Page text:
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Prayers not answered on a schedule

October 09, 2010|By Patrick Caneday

This the second in a three-part series: When Marguerite Beck was 5, she prayed for God to make it snow. Though infrequent, snow in the foothills of La Crescenta wasn't unheard of. She awoke the next day to a blanket of white covering her neighborhood. Raised by a devoutly Catholic mother, Marguerite prayed often after that.

"Mass every Sunday," she told me. "No meat on Fridays, confession at least every two weeks and usually daily mass during Lent. All major church holidays were attended in full regalia."

Even beyond the rituals, Marguerite felt a special connection to her god.

Her parents' marriage lasted 50 years, something she attributes to her mother's religious faith. Though it wasn't "Ozzie and Harriet," Marguerite looks back fondly, especially toward a mother she calls her "she-ro." Self-admittedly naïve and a prude, Marguerite always strived to do what was right in her faith and family.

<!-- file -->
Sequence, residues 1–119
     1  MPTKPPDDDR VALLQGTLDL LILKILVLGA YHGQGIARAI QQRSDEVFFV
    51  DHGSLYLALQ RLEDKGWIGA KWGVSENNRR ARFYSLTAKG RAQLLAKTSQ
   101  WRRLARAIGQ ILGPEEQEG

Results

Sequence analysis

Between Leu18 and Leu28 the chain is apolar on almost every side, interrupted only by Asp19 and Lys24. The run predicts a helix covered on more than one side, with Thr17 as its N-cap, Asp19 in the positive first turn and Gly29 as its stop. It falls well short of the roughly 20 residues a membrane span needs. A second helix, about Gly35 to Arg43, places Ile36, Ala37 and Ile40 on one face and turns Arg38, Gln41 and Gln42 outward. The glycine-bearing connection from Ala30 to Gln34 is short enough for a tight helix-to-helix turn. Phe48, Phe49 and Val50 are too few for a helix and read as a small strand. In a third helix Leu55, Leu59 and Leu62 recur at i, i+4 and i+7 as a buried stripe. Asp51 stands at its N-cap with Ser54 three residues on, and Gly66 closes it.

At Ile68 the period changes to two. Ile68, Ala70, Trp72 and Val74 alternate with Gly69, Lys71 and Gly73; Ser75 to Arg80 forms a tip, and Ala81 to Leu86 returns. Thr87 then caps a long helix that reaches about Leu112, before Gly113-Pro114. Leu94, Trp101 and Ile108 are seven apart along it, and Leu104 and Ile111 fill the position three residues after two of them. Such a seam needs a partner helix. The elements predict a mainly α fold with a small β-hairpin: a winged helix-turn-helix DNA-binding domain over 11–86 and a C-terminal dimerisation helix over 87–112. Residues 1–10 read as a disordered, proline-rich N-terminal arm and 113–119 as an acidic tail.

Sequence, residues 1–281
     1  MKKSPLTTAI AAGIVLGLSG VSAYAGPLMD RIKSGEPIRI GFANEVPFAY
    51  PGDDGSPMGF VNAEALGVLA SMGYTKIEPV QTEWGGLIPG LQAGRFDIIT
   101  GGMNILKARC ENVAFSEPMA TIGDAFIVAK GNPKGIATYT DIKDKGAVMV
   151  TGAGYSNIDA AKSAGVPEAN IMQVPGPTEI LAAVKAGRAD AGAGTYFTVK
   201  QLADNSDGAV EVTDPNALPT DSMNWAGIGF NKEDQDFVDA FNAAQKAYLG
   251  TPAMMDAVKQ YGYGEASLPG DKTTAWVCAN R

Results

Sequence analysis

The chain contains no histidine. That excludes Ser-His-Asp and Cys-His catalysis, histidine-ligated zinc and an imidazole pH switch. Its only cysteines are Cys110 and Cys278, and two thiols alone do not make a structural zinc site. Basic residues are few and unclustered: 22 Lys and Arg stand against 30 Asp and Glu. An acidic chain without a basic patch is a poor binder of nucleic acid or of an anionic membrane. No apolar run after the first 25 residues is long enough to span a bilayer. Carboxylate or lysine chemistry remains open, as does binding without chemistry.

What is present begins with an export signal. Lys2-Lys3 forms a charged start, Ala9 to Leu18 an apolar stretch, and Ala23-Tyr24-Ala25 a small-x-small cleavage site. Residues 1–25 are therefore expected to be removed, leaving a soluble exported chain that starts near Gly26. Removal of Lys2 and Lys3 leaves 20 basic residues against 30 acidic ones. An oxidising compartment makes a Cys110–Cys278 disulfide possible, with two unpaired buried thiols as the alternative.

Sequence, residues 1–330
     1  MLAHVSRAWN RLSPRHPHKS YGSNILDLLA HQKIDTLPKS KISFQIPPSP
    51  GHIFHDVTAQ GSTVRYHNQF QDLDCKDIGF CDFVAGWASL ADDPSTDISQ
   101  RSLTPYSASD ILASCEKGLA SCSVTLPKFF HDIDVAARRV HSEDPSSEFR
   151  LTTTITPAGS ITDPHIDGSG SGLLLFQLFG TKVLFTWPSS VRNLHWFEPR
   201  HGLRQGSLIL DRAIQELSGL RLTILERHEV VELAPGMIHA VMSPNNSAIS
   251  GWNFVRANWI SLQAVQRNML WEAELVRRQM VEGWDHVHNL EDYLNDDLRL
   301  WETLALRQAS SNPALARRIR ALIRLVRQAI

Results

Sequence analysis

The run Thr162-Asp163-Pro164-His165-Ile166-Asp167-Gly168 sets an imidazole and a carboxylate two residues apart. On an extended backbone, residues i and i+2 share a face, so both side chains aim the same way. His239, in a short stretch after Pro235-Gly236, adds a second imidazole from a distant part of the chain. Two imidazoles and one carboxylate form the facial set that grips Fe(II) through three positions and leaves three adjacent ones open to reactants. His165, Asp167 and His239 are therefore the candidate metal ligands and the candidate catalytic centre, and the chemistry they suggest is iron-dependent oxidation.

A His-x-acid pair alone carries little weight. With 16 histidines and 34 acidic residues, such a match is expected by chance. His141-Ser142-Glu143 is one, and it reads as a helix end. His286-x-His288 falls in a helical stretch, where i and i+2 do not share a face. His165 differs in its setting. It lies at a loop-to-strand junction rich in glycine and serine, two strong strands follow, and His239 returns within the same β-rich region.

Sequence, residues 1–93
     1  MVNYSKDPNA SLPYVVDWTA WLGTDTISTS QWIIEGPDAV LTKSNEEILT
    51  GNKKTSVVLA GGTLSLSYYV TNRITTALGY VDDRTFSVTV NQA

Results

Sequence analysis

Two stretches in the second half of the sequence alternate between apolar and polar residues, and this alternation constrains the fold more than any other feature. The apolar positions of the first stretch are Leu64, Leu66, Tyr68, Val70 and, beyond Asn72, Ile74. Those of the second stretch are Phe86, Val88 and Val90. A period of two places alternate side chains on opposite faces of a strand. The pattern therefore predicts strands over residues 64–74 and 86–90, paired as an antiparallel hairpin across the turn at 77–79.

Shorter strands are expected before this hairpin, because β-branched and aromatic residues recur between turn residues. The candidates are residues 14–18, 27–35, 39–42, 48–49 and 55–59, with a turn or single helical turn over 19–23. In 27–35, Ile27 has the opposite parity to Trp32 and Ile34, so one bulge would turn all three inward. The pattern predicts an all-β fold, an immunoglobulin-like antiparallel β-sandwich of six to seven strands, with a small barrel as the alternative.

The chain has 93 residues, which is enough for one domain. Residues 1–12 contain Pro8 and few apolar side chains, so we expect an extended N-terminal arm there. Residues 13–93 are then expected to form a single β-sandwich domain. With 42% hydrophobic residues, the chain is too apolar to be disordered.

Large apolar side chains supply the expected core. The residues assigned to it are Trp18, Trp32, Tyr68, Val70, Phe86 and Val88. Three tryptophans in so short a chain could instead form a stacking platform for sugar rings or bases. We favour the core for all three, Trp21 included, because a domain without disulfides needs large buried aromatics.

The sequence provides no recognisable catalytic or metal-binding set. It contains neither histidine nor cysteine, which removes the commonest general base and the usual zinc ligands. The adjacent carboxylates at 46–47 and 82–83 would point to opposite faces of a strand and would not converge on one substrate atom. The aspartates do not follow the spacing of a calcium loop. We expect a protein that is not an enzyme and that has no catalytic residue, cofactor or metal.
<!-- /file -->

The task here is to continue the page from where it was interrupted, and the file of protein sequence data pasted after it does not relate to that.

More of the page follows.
"I was constantly afraid of what people would think of me and mostly I just never wanted to hurt anyone. My job in this world was to be the peacemaker within my family and without."

At 20, Marguerite fell in love, married and set out to become the best mother she could be, just like the woman who raised her. She describes her life in the lyrics of a Mary Chapin Carpenter song: "She does the carpool, she PTAs. Doctors and dentists, she drives all day. When she was 29 she delivered No. 3. And every Christmas card showed a perfect family. Everything runs right on time, years of practice and design. Spit and polish till it shines."

Yet, there was a stirring under that shine, yearnings Marguerite felt almost all her life, but couldn't explain or express. When she met and grew close to a like-minded choir director at church, those stirrings finally emerged.

That choir director was the rector's wife.

Though she admits to having crushes on both boys and girls when she was young, she attributed the more confusing feelings for girls to being a tomboy. Her Catholic upbringing and conservative Christian family life told her such desires were unnatural and evil. As her feelings for the rector's wife grew, these admonitions haunted her.

"I was swimming in thoughts and emotions of doubt and fear...I was beaten down by my own fears and my own homophobia."

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